Table one shows the Income of the Mexican Government by component from 2016 to 2022. The Mexican government estimates a 2022 economic growth rate of 4.1%, which will allow total revenues to increase. However, it should be noted that all financial consulting firms estimate lower growth for the Mexican economy for next year as the industrial sector shows a slow recovery so far in 2021. Despite this, the estimate of total income increased from 6,295,736.2 in 2021 to 7,088,250.3 million pesos in 2022. This amount is equivalent to an increase of 12.6 percent. This increase in tax collection could be more credible if it were supported by a tax reform.

Image removed.

Image removed.

Image removed.

Image removed.

Image removed.

Table two shows the Income Increase of the Mexican Government from the previous year. As we can see, the government debt (Loans) has increased in recent years despite the fact that monthly reports from the Ministry of Finance (SHCP) show that public revenues break collection records each month. Additionally, the Taxes on Production, Consumption and Transactions increased by 233,958.6 million pesos in relation to the previous year. Another point that stands out is that the AMLO administration estimates that for next year the increase in oil revenues will reach a record of 150,306.9 million pesos. The Mexican government has projected a 2022 level of crude production of 1.867 million barrels per day (MBD) while this year’s production stabilized at around 1.700 MBD. Therefore, Petroleros Mexicanos (PEMEX) will need to increase oil production by 167 MBD to meet this target.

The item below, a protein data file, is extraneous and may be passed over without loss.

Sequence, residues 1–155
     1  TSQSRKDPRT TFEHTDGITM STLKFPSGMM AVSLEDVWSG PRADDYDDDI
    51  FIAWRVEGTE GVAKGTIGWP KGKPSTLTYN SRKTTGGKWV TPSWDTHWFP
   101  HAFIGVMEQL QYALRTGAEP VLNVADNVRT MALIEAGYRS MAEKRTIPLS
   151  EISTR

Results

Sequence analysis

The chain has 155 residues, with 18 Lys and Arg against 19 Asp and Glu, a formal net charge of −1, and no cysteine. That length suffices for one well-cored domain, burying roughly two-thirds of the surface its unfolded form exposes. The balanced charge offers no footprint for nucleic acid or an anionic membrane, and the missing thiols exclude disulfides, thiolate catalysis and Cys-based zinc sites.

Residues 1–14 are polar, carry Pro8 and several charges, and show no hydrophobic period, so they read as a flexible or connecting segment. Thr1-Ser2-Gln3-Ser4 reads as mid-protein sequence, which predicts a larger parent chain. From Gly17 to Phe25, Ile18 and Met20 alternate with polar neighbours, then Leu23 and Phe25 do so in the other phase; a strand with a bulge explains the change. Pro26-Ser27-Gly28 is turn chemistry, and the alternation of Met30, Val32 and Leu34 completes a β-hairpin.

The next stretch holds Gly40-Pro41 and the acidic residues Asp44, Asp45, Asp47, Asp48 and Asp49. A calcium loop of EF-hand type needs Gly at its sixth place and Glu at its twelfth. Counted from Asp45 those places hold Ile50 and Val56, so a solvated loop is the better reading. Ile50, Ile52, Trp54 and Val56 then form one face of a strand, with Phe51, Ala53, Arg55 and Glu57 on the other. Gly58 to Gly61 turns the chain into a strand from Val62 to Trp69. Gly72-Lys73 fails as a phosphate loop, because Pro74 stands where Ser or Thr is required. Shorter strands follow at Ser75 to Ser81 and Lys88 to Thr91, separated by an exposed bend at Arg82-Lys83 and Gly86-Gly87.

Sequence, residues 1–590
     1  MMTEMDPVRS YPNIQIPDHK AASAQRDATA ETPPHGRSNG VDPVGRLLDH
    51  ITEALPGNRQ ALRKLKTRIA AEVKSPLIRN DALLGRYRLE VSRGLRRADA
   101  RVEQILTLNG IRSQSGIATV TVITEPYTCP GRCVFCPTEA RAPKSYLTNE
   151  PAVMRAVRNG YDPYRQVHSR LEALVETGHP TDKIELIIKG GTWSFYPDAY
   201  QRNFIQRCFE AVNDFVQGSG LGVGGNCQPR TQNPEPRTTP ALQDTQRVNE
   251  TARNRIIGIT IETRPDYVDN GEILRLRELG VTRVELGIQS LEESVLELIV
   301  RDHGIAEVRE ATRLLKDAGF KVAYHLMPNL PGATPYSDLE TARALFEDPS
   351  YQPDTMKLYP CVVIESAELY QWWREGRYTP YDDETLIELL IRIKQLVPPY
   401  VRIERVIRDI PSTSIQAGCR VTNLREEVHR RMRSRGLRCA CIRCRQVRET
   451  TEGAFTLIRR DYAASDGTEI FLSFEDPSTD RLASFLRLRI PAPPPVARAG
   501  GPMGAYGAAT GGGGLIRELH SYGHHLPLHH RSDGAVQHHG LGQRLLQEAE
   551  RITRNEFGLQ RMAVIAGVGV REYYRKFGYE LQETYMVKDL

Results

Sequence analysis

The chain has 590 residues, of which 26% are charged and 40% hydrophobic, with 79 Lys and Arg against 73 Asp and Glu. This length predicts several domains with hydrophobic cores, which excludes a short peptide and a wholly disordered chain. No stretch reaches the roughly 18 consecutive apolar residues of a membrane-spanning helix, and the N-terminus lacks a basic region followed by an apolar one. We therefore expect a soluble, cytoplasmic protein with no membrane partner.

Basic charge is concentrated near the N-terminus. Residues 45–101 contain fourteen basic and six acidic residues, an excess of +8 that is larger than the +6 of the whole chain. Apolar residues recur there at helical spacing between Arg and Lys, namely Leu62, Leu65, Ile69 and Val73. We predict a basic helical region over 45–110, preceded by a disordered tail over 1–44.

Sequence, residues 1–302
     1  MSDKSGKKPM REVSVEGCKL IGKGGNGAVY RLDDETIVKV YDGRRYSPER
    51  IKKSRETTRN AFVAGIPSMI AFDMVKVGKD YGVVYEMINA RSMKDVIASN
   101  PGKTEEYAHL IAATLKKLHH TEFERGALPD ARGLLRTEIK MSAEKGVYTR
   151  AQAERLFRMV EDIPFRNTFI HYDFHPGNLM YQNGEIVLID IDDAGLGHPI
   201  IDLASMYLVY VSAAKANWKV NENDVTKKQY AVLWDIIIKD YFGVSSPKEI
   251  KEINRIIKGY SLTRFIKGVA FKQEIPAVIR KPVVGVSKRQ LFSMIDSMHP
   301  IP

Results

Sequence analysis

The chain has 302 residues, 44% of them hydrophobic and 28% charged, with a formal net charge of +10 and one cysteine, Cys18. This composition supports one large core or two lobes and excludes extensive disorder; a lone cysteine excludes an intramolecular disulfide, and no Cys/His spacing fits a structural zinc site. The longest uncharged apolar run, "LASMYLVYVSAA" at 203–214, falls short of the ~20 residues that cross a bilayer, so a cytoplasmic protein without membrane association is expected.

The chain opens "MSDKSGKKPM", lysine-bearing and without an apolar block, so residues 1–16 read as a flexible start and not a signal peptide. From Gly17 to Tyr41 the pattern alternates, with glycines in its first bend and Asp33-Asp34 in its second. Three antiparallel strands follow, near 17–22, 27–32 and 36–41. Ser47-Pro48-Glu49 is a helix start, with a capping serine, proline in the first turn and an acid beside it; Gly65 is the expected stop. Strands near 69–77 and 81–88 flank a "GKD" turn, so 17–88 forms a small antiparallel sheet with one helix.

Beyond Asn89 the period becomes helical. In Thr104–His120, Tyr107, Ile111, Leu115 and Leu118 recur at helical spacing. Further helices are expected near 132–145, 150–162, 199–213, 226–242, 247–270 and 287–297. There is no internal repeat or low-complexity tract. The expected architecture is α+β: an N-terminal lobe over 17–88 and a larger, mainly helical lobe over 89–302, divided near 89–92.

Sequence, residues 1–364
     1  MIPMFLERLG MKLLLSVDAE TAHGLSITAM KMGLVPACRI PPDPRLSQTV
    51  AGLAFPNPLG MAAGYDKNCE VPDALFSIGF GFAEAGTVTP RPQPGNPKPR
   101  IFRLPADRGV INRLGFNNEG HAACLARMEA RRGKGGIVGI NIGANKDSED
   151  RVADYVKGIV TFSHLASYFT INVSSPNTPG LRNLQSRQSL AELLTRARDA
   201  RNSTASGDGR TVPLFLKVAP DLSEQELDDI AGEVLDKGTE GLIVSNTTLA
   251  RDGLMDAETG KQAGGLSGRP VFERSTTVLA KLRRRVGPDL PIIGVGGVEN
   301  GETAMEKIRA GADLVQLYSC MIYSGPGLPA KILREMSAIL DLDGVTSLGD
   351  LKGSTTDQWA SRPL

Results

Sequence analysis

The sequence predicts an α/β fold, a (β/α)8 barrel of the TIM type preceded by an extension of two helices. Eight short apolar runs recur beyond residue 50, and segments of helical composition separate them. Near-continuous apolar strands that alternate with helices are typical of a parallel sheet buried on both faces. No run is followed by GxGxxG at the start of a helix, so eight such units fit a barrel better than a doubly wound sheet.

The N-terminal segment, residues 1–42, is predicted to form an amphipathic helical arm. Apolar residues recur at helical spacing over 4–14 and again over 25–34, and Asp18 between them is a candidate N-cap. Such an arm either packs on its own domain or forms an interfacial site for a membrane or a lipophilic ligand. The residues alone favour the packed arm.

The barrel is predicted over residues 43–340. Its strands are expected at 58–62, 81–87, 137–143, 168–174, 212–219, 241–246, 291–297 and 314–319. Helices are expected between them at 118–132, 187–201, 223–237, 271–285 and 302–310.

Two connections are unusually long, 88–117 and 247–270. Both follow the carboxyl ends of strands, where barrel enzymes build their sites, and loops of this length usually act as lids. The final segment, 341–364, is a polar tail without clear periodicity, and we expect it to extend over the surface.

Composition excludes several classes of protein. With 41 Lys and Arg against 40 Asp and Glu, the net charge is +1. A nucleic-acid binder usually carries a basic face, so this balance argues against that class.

Image removed.

Image removed.

Image removed.

Image removed.

Image removed.

Image removed.

Conclusion

Without tax reform it is difficult to believe that the Mexican government's tax collection for 2022 will reach the projected 7,088,250.3 million pesos. This is particularly likely as 1) projections suggest that a full economic recovery will not occur this year, 2) most big taxpayers have already caught up with their taxes and 3) the government no longer has savings. The Mexican Congress must review this income proposal and should call for technical discussions to address government revenues.

Without a doubt, the Mexican government has great challenges next year in regards to fiscal matters.

 


Note: In 2018, the Budgetary Income Stabilization Fund (FEIP) had 279,770.7 million pesos while in the same year the Stabilization Fund for the Income of the Federal Entities (FEIEF) had 88,722.2 million pesos. 

About the Author

Ricardo Mora-Tellez

Fellow;
Professor of Social Science, Princeton University
Read More

Mexico Institute

The Mexico Institute seeks to improve understanding, communication, and cooperation between Mexico and the United States by promoting original research, encouraging public discussion, and proposing policy options for enhancing the bilateral relationship. A binational Advisory Board, chaired by Luis Téllez and Earl Anthony Wayne, oversees the work of the Mexico Institute.   Read more